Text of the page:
Patient (# 1)

In review of the medical record of patient #1, the initial physician's assessment and admitting orders were accomplished via the use of telemedicine. There was no indication that the patient was involved in the development and implementation of his treatment plan.


Patient #3

Review of Patient #3's medical history and physical record revealed a 61 year old, female, admitted on [DATE]. Reason for admission: The patient was found with her bra wrapped around her neck in the bathroom and a bottle of pills by her hand. She was unconscious.

Review of Patient #3's Physician Orders - Behavioral Medicine General Admission form dated 10/2/15, timed at 10:00 a.m., revealed there were no precautions ordered. The Physician Orders were not signed by a physician.

Review of Patient#3's Interdisciplinary Adult Plan of Care (undated) reflected an admission date of [DATE]. The Plan of Care reflected fall Risk and interventions per fall Risk Assessment tool was checked. There were no desired outcome/goals written or checked for the Safety Fall Risk.

Further review revealed patient # 3's treatment plan Suicide risk was not a part of the treatment plan; her admitting reason for admission indicated a suicide risk.

During an interview on 10/12/15, on the 8th floor Medical/Psych unit, Staff W, Registered Nurse (RN), when asked how the fall interventions are determined she stated the Fall Risk Assessment tool is completed on admission. Staff W stated, "The facility uses a Fall Risk Assessment Form." She was unable to provide the form or evidence that the form had been completed on Patients #3, 4, or 5.

During an interview on 10/12/15, on the 8th floor Medical/ Psych unit Staff , RN stated, "The unit is new and the fall form has not been implemented yet. She stated,"The staffs check on the patients frequently.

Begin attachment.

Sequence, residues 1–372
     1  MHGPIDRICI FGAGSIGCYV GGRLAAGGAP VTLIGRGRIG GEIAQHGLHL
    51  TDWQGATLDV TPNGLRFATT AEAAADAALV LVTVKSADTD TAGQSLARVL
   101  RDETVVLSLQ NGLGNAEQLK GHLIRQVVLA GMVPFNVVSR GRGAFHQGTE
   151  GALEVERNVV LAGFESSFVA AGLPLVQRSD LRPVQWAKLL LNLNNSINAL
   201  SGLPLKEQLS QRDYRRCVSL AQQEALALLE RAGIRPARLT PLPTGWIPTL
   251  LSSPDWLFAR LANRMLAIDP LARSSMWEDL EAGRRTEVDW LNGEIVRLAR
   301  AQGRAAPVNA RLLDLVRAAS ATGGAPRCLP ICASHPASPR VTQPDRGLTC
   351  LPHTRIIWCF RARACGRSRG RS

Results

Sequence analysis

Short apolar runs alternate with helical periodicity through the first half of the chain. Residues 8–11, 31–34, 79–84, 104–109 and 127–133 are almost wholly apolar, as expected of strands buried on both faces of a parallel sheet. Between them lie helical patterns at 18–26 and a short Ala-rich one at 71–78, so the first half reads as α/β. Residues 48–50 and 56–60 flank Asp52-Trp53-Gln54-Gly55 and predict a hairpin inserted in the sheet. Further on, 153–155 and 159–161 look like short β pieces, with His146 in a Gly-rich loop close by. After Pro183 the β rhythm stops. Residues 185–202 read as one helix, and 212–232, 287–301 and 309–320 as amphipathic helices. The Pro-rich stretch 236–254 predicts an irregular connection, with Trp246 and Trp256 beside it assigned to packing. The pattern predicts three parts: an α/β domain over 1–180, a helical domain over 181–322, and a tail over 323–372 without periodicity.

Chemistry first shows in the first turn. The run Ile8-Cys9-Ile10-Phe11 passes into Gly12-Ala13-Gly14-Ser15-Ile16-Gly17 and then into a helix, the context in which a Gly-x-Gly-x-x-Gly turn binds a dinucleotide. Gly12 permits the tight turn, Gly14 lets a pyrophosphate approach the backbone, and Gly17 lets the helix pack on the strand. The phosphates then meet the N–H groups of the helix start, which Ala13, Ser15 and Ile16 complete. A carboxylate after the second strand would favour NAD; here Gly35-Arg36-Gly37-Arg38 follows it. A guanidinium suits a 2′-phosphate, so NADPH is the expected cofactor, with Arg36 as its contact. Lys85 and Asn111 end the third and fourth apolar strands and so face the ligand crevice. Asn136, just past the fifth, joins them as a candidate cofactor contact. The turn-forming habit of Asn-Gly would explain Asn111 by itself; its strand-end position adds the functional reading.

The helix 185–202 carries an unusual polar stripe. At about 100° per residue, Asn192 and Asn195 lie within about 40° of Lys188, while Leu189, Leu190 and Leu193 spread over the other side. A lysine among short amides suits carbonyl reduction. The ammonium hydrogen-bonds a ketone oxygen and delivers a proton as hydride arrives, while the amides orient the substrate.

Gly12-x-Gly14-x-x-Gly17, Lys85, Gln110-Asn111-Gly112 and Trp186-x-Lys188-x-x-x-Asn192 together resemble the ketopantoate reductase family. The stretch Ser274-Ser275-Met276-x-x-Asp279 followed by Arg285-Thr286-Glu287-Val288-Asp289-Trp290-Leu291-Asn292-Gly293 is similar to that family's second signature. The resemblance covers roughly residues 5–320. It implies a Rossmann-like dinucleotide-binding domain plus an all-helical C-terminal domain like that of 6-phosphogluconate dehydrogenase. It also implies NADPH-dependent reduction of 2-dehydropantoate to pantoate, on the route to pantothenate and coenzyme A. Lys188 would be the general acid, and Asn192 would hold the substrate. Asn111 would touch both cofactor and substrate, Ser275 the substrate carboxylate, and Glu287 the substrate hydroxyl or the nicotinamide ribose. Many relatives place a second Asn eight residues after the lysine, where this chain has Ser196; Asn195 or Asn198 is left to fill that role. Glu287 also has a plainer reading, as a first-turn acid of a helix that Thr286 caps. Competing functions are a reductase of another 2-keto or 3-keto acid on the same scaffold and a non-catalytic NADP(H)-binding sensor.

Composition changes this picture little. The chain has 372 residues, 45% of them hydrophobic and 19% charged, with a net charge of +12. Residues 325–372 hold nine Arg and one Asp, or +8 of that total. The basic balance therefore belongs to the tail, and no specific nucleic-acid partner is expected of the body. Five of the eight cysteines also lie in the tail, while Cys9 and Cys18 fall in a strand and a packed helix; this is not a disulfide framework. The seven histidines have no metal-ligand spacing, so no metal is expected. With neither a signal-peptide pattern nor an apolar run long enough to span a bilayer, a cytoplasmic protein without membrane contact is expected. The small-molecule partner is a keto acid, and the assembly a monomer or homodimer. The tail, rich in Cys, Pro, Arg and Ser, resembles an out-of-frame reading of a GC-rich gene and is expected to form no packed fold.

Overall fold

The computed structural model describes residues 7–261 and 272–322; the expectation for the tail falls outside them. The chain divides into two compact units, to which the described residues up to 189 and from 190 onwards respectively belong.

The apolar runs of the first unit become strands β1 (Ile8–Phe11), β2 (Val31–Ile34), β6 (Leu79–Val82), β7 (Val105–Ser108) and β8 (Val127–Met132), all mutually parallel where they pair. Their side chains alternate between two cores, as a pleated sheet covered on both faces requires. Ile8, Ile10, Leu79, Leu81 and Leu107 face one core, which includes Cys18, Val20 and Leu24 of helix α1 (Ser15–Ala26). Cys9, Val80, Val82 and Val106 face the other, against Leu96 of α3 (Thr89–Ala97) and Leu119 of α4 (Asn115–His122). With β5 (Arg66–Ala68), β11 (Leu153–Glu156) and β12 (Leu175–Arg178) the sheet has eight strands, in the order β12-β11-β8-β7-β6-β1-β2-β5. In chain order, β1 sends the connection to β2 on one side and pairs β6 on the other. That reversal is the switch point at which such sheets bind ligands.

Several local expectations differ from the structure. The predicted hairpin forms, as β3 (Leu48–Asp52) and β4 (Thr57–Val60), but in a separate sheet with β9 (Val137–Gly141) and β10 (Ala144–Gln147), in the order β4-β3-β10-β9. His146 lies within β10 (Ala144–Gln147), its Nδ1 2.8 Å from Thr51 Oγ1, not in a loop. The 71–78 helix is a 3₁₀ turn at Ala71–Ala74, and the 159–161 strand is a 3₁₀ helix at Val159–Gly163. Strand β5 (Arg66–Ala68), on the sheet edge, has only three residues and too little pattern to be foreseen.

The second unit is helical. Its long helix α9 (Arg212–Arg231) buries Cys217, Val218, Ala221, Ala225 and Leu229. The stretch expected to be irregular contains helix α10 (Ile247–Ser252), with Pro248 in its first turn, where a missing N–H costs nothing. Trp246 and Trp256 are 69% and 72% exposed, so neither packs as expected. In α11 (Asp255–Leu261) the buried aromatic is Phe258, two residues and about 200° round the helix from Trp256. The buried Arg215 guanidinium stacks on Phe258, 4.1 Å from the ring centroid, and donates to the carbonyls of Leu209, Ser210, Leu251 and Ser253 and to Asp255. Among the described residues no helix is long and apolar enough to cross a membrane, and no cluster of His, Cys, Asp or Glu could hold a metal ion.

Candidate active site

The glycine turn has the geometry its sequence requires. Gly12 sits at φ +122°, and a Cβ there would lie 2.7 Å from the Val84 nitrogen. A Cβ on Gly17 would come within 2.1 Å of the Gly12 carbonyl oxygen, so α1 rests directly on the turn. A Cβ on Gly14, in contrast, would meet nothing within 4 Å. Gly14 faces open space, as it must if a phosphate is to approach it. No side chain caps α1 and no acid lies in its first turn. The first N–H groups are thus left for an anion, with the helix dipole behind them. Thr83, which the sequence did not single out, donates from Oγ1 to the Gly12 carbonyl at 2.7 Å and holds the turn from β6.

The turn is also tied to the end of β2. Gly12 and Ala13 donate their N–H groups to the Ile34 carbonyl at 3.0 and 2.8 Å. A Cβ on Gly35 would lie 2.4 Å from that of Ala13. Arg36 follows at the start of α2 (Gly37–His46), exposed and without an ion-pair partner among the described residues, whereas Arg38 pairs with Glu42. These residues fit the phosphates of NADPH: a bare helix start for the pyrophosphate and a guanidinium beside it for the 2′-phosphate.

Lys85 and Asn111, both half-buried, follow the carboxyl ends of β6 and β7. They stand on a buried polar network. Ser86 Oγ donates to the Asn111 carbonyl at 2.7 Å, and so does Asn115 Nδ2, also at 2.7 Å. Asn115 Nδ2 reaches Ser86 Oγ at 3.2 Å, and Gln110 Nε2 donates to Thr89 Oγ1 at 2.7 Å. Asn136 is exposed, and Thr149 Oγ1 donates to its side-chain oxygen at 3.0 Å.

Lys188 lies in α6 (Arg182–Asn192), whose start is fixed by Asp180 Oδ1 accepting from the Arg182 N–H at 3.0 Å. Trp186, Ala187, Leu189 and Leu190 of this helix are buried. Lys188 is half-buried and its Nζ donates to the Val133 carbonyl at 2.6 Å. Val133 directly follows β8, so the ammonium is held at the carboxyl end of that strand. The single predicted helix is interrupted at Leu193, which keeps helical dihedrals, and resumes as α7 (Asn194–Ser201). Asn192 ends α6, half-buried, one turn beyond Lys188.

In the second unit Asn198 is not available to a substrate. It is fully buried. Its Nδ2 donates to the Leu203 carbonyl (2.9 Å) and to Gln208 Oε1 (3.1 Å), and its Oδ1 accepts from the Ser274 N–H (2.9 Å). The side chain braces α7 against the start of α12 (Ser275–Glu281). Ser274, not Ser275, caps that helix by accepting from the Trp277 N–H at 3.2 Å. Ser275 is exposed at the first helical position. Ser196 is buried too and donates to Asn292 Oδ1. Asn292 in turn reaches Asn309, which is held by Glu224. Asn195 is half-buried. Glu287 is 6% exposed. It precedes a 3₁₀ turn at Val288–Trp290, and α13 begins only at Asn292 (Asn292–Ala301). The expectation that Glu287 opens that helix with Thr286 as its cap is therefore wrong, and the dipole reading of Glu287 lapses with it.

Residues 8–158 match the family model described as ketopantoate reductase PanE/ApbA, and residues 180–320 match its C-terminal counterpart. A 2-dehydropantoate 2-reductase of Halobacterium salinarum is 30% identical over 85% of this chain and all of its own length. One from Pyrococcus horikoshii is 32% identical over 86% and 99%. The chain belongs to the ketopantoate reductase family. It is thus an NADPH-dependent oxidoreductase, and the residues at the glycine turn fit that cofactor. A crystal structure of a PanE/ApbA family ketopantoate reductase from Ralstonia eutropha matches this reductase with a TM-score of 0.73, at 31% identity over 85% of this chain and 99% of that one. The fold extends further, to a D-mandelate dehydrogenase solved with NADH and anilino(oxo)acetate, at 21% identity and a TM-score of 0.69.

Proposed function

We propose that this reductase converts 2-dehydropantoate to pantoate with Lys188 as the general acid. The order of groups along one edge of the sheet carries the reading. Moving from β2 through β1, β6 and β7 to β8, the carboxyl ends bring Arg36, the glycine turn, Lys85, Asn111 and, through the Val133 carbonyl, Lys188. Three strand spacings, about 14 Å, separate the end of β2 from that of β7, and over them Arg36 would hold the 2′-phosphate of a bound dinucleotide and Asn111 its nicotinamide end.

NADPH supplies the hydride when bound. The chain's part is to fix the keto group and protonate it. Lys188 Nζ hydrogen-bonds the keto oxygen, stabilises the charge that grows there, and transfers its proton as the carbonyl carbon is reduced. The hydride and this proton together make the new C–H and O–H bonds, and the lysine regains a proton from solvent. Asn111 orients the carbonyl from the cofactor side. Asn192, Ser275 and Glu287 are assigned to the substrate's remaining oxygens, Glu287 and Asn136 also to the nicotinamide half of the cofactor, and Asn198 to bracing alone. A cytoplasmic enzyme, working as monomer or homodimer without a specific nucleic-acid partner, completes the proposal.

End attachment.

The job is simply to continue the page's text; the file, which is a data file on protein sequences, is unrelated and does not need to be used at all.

Patient #4

Review of Patient #4's medical history and physical record revealed a 63 year old, female, admitted on [DATE]. Reason for admission: The patient was delusional, threatening to kill her brother and herself with a knife and apparently, she was running down the street naked.

Review of Patient #4's Physician Orders - Behavior Medicine General Admission form dated 10/11/15 at 12:30 a.m. revealed Precautions: Fall was checked. Suicide Precautions was not checked; her admitting reason for admission indicated a suicide risk.

Review of patient#4's Interdisciplinary Adult Plan of Care (undated) reflected an admission date of [DATE]. The Plan of Care reflected fall Risk and interventions per fall Risk Assessment tool was checked. There was no desired outcome/goals written or checked for the Safety Fall Risk. Risk of injury to self/others was checked as a problem, therapeutic communication was an intervention, there were no further interventions and there were no desired Outcomes/Goals recorded.



Patient (#10)

In review of the medical record of patient #10, it was noted that the patient required an extensive seclusion episode on 9/7/15, requiring seclusion for 3 hours and 15 minutes. There was no notation that there were any changes made in the patient's plan of care following the seclusion episode.


The patient refused to sign his treatment plan, and there was no indication that the patient was involved in the development of his individualized treatment plan. The patient was subsequently transferred to a State Hospital facility after an inpatient psychiatric hospitalization of more than three weeks.


Patients #11, #12, #14, #15, #17, #18, #19, and #53


Review of medical records #11, #12, #14, #15, #17, #18, #19, and #53, the individualized treatment plan for all eight patients showed the reason for psychiatric hospitalization as "potential for danger to self or others", and also the statement "alteration in mood" or "alteration in thought" as the presenting problems requiring inpatient psychiatric treatment. There was no description of how the "alterations" manifested themselves in any of the above mentioned patients, or how the patients were a danger to themselves of others.